For example, my talented friend Scott just launched a magazine--it's called Boxy Mag and it's fantastic. You should absolutely bookmark it and then do the requisite social media liking/following. The content changes regularly (unlike my blog) and it's always varied and interesting, informative and occasionally irreverent. The inaugural October issue was dedicated to food, but future issues may delve into fashion, art, life in the city, etc. I had a breakfast recipe feature recently, which you can check out here

In any event, I'm still writing my way through several projects, running off to workshops, loitering at coffee shops and bookstores as if I'm actually working on something epic, and generally cavorting in the last few breaths of warm air. So this will be a quick update. 

This homemade tahini is essential to me. If you're accustomed to the store-bought version, this is a slightly different beast. The flavor is different. This version is saltier, but also, store-bought tahini sometimes leaves a lingering bitter aftertaste--not so with its homemade counterpart, which has a well-rounded, creamy feel. The formula is dead simple and the process of making it is even kind of meditative--toasting the pale raw seeds, processing the cooled seeds into a rough marzipan-textured paste, and then drizzling in fragrant olive oil until the seeds are spun into silky, smooth tahini. Okay, it's about as meditative as any food processor project, but I do kind of like the metamorphic aspect of recipes like this. Also, I'm easily entertained.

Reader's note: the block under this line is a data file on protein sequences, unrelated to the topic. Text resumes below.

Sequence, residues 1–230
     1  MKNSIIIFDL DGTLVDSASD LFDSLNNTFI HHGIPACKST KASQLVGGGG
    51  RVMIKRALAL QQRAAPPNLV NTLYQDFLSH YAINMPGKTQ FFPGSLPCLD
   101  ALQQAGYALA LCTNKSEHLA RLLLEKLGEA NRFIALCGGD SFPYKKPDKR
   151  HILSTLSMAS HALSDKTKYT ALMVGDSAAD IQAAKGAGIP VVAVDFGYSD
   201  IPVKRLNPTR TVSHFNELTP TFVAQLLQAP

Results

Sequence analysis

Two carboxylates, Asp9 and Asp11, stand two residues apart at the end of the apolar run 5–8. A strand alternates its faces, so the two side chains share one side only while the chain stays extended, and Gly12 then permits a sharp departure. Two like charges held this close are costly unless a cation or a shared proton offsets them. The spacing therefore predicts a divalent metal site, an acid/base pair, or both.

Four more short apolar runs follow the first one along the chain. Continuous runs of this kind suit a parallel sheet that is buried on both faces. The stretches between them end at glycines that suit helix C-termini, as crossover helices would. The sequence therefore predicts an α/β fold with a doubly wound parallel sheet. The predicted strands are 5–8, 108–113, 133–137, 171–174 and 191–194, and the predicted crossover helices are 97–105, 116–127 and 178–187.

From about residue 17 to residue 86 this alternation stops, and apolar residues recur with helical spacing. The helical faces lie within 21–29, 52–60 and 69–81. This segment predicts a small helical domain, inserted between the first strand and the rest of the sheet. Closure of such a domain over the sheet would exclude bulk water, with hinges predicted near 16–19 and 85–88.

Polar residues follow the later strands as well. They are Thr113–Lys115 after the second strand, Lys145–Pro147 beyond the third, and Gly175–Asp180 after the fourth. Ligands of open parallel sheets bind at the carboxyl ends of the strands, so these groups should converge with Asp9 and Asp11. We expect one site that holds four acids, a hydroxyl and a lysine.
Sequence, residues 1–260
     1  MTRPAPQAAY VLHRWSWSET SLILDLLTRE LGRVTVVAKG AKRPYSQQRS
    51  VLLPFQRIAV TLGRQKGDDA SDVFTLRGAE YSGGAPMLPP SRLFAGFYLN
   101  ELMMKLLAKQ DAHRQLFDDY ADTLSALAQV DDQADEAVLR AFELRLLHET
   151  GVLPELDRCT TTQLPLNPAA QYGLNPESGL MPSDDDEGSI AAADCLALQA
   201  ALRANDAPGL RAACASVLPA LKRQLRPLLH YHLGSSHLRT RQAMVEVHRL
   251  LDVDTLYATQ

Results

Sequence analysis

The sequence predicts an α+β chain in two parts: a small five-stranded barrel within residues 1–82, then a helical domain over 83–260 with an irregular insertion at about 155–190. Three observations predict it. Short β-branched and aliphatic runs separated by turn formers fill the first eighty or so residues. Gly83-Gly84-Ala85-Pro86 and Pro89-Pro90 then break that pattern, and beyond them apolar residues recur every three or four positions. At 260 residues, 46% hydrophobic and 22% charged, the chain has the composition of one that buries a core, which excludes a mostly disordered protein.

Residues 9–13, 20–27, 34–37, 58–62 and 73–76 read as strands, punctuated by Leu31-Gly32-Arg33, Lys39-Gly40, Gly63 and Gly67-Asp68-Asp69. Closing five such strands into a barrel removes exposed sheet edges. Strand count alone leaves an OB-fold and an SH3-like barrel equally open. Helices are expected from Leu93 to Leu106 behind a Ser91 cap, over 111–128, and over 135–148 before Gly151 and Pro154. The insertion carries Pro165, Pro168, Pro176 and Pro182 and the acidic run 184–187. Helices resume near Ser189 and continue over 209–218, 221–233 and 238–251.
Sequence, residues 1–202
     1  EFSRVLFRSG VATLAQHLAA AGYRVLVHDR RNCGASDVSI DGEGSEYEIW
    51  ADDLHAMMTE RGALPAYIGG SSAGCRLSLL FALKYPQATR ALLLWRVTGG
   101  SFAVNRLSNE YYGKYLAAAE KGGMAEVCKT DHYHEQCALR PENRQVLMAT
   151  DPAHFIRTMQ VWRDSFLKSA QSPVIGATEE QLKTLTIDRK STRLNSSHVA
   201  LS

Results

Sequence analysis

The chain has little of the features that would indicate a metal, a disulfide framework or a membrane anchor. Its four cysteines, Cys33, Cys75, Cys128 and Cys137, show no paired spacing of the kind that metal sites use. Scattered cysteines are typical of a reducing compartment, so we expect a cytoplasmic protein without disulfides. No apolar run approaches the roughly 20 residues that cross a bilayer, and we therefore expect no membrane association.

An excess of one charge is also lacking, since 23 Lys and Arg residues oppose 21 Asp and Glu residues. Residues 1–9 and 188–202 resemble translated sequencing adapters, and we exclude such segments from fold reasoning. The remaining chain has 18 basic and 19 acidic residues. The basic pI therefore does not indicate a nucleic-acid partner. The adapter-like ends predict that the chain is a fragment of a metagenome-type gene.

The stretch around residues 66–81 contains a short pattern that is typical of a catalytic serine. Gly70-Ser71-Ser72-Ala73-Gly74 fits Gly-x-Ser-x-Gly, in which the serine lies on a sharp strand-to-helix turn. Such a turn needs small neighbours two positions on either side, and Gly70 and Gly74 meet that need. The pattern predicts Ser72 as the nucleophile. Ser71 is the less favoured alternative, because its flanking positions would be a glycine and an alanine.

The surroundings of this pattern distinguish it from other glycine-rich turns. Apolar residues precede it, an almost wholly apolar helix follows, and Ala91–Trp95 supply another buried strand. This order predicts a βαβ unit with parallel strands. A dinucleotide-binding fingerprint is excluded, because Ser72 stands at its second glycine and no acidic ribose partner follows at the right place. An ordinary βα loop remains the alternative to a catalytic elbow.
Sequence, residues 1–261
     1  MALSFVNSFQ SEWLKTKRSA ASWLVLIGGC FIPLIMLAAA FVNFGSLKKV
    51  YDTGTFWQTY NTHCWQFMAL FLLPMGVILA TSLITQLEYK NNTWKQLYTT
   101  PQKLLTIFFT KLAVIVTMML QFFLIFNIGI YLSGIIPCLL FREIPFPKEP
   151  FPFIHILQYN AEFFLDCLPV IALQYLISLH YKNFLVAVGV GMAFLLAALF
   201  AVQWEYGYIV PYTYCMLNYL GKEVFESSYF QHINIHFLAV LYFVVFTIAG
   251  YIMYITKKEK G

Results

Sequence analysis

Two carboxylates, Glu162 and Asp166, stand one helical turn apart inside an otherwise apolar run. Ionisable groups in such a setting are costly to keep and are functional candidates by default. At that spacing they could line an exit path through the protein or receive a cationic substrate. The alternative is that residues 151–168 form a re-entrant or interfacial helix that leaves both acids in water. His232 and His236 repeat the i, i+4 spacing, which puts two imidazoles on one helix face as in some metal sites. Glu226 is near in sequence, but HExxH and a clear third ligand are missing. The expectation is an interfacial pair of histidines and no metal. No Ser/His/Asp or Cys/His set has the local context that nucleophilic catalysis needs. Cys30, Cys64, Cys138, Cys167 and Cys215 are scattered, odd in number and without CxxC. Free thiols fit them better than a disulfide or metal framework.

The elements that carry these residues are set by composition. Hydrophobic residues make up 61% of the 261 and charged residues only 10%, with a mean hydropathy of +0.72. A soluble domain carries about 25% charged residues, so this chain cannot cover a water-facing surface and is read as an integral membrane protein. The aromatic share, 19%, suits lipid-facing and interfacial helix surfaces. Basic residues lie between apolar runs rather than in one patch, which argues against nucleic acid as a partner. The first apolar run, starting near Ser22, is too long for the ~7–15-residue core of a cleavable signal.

And now that you're all set with a jar of homemade tahini, may I direct you to a few excellent uses for it? A salad or hummus are respectable starting points. But if you're into bolder experimentation, try one of these delicious recipes:

Roasted squash with lemon tahini sauce

Goji ginger tahini cream

Raw tahini cups with coffee cream filling 

Because Ottolenghi.

Sea Salt & Olive Oil Tahini (v/gf)

Makes approx. 1 cup

2 cups organic raw sesame seeds

1/2 tsp sea salt

3 tbsp extra virgin olive oil (see note)

Preheat the oven to 350 F.

Spread the sesame seeds on a rimmed baking sheet and place in the oven on the middle rack. Roast for about 5 to 10 minutes, stirring often, until fragrant and lightly golden brown. Be careful--they burn easily.

Allow to cool for about 10 minutes. 

Transfer the sesame seeds to a food processor and pulse a few times. Process for a few minutes until the seeds begin to come together in a rough, dry paste. Add the sea salt. With the motor running, slowly pour in the olive oil and process until the mixture is creamy and smooth.